, Gloucester, MA


October 11, 2012

Editorial: Fire investment needs maintenance commitment, too

Mayor Carolyn Kirk’s and new Fire Chief Eric Smith’s proposal to borrow up to $1 million to buy both a new pumper – which can cost up to $650,000 – and a used ladder truck, which should cost significantly less, is one that deserves the City Council’s support.

But, as we’ve noted regarding other issues, it’s equally important that city officials commit to also boosting – perhaps even through this same borrowing request — the budget for maintaining these and the department’s existing vehicles if the city and its taxpayers are to get their money’s worth.

And while they’re at it, councilors would also do well to get a revised handle on the department’s manpower situation and set aside money to cover costs needed to keep open at least the Bay View fire station – remembering that even pumping $2 million or more into badly needed new equipment for the department still won’t tackle the city’s greater safety need. That’s keeping the West Gloucester and Bay View stations open on a regular basis.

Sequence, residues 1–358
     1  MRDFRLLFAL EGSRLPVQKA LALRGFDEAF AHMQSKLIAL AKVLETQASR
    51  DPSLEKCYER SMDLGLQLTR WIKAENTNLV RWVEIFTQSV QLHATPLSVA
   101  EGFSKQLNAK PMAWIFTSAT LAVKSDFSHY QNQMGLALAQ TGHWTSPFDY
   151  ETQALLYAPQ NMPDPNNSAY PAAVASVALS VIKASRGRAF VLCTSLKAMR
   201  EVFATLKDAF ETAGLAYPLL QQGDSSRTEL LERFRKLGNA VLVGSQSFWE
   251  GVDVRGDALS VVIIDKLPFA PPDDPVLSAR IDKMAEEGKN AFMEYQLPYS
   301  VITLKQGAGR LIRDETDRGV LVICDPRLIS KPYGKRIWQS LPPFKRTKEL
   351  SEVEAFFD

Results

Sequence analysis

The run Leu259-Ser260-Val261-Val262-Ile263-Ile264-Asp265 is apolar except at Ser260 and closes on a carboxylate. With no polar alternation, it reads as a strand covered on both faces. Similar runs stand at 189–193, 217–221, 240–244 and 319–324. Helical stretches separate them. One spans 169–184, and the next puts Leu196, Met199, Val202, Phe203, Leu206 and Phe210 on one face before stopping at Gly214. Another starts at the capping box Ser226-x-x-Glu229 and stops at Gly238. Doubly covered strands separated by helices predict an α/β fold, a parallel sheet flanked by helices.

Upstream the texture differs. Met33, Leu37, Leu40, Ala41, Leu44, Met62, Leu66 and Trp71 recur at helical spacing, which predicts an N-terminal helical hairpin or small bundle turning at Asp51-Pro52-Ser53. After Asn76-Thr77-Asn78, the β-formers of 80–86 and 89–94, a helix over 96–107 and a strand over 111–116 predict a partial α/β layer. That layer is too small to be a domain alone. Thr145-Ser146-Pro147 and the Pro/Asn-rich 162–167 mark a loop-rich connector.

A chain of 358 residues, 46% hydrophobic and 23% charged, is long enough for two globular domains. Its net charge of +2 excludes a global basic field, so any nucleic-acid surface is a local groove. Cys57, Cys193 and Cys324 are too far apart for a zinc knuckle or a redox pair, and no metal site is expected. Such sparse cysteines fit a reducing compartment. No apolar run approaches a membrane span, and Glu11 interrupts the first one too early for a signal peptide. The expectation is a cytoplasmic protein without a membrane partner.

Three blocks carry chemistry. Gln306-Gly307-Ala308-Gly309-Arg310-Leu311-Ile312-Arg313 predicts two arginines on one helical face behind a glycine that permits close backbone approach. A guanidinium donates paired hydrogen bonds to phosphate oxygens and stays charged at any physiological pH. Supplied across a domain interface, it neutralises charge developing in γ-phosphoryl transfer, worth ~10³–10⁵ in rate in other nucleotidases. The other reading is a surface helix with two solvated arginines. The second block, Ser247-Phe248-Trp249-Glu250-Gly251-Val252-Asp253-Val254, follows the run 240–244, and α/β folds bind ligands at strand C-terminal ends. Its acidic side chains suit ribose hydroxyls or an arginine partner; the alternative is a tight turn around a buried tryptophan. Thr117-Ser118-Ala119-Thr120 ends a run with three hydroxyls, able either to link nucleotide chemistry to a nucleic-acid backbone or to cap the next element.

Smith noted that some help should be on the way on the personnel front. Smith said he has five vacancies to fill, primarily in the wake of retirements, but that four new firefighters are due to start Oct. 22, with the city looking to hire the fifth at a later date. That will certainly help.

Maintaining the trucks, however, is a different matter. Smith noted that he’s continuing to work on a capital plan for the department’s equipment and maintenance. But Phil Bouchie, the firefighters’ union chief, is right to again point out the folly of budgeting only $40,000 for maintenance covering the full year — and that’s for a department that, in addition to the heavy fire trucks, handles its ambulances and rescue trucks as well.

Look, the city is wise to invest in new firefighting equipment, and, to reiterate, the council should back borrowing of the $1 million sought for that use. But it’s also important that no one think these purchases will solve the city’s immediate public safety needs, from maintenance shortfalls to the still-closed outlying stations that keep far too many residents at risk.

That’s the proposal residents are still waiting to hear.

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